The pitch has dropped – again. This time, the glimpse of a falling blob of tar, also called pitch, represents the first result for the world’s longest-running experiment.
Sadly however, the glimpse comes too late for a former custodian, who watched over the experiment for more than half a century and died a year ago.
Up-and-running since 1930, the experiment is based at the University of Queensland in Australia and seeks to capture blobs of pitch as they drip down, agonisingly slowly, from their parent bulk.
It was pipped to the post last year when a similar experiment, set up in 1944 at Trinity College Dublin in Ireland, captured the first ever video footage of a blob of pitch dropping.
In that instance, the blob separated from its parent bulk. By contrast, the Australian team filmed the collision between the ninth blob ever to fall and the eighth blob, which was sitting at the bottom of their beaker – but the ninth blob is still attached to the pitch above it.
Still, the Australian result is important because the experiment has a better set-up, says Stefan Hutzler, a member of the Trinity College Dublin team who used those results to calculate the pitch’s viscosity. “Theirs is in a glass container; they measure the temperature, measure the humidity as well,” he says. “Ours, we don’t really call it an experiment. It was really just sitting there on a shelf, going back to the 1940s.”
The fact that both experiments dropped within a year of each other is “just pure luck”, says Hutzler. Hot summer weather in Ireland last year may have influenced the timing.
The Queensland experiment already features in the Guinness World Recordsand won an IgNobel prize in 2005. It was set up by physicist Thomas Parnell to illustrate that although pitch appears solid, shattering when hit with a hammer at room temperature, it is actually a very viscous liquid.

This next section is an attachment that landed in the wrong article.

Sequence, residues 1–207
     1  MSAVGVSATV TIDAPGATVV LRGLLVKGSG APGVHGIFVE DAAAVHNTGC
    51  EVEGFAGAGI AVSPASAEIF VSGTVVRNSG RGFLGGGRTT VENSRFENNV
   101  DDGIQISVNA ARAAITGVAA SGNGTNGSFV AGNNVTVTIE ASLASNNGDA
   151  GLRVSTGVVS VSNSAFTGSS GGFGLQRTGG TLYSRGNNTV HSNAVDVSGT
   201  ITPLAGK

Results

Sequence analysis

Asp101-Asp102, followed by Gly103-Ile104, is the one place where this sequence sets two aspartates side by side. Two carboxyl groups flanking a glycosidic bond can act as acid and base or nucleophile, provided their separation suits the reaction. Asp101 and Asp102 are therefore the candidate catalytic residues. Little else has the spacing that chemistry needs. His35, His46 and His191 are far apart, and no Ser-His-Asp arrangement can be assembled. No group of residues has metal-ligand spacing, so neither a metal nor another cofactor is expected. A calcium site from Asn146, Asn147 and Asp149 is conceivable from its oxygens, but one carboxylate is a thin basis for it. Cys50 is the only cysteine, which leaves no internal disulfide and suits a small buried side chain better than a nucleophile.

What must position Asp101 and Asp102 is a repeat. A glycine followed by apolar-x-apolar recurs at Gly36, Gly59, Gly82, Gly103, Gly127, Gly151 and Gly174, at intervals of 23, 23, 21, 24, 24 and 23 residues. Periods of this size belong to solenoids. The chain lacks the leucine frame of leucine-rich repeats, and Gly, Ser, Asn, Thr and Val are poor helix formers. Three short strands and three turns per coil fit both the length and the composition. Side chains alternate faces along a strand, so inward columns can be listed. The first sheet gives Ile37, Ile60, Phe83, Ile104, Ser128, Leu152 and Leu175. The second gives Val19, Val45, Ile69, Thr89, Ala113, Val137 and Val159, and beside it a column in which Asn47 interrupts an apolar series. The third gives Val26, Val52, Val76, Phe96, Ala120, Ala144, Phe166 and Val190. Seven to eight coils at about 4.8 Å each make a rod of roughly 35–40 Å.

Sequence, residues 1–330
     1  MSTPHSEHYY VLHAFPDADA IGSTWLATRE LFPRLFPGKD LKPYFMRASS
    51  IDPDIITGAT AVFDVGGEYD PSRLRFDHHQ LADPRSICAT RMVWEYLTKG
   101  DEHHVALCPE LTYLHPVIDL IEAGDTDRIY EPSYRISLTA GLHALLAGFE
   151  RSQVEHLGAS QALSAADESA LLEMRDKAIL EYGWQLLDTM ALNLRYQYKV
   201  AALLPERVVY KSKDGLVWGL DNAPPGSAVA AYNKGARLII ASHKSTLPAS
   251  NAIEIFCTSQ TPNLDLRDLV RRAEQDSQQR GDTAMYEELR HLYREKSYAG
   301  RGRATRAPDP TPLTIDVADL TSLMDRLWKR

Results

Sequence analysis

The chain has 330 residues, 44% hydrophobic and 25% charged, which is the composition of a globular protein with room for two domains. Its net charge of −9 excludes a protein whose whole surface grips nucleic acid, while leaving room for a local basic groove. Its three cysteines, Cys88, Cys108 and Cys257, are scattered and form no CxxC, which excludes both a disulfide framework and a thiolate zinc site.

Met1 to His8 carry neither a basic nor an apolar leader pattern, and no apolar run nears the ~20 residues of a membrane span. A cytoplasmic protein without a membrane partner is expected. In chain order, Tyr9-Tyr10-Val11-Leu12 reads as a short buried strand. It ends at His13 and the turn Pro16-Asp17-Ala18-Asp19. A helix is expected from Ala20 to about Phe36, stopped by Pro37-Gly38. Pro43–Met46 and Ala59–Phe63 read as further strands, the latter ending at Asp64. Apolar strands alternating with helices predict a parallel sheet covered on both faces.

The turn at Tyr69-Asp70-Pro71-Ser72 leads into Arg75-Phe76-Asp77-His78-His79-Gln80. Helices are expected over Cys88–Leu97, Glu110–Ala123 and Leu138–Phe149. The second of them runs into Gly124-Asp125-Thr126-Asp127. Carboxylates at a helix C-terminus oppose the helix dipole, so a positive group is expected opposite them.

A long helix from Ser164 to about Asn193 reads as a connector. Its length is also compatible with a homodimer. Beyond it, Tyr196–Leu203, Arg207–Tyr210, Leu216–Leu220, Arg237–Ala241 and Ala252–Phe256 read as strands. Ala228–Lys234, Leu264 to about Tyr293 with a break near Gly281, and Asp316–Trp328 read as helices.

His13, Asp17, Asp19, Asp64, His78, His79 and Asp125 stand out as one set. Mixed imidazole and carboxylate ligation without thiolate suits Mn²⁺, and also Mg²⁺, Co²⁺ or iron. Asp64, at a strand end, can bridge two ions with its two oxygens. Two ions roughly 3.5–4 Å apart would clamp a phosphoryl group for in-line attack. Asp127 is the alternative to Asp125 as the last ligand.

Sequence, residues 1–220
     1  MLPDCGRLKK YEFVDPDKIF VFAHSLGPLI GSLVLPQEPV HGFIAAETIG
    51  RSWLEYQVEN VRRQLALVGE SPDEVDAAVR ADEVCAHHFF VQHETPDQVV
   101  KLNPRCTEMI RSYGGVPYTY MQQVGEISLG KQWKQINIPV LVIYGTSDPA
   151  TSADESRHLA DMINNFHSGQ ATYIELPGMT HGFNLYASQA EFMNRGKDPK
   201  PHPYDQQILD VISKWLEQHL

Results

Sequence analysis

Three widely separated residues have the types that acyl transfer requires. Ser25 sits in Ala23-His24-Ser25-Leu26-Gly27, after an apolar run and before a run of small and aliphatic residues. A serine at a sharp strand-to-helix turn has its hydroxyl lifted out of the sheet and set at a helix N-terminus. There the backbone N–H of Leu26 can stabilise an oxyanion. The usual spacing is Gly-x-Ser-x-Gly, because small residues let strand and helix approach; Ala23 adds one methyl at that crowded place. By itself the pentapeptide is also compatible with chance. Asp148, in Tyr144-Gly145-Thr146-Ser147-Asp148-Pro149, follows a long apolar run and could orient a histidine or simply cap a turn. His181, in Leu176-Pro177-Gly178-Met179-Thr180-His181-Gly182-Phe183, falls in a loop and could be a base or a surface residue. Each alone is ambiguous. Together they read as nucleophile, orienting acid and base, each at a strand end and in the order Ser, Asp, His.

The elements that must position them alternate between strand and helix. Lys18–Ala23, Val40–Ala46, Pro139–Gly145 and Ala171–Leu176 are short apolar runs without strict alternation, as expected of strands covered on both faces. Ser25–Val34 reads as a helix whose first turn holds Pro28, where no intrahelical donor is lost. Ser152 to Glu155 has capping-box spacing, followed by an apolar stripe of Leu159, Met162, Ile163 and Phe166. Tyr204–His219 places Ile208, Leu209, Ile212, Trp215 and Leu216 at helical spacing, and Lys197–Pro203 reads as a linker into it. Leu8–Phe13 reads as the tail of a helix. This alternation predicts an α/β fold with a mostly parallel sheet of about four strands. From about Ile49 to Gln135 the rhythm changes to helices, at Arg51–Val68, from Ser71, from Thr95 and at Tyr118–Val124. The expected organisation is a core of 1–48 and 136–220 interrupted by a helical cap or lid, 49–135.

The eventual result follows several near misses, according to the University of Queensland. John Mainstone, who oversaw the experiment for more than 50 years until his death last August, missed observing the drops fall three times – by a day in 1977, by just five minutes in 1988 and, perhaps most annoying, in 2000, when the webcam that was recording it was hit by a 20-minute power outage.
“It’s a pity of course that the person in charge died about a year ago, so he never saw the drop,” Hutzler says. “He would have enjoyed that.”
The eighth and ninth drops each took about 13 years to fall, says current custodian Andrew White. By contrast, the seven drops that fell between 1930 and 1988 did so faster – at an average rate of one drop every eight years.
The next step is to see how long it takes the ninth drop to separate from the pitch above it: “It may tip over quickly or it might slow right down and take years to break away,” says White.
You can keep an eye on the ninth drop’s movements via a live web stream. The University of Queensland says it will work out who was watching when the pitch dropped and record their names for posterity.
The drop experiments show that the physics of a drop forming in a viscous material is still not well understood, Hutzler says – although he doesn’t think watching pitch for decades is necessarily the best way to study it. Using honey or some other less viscous fluid would give you better statistics.
“I think these experiments capture the imagination just because they go on for such a long time,” he says. The video of the drop in Dublin quickly went viral on YouTube. “Ironically, you have a very slow event happening, but the news spreads very quickly.”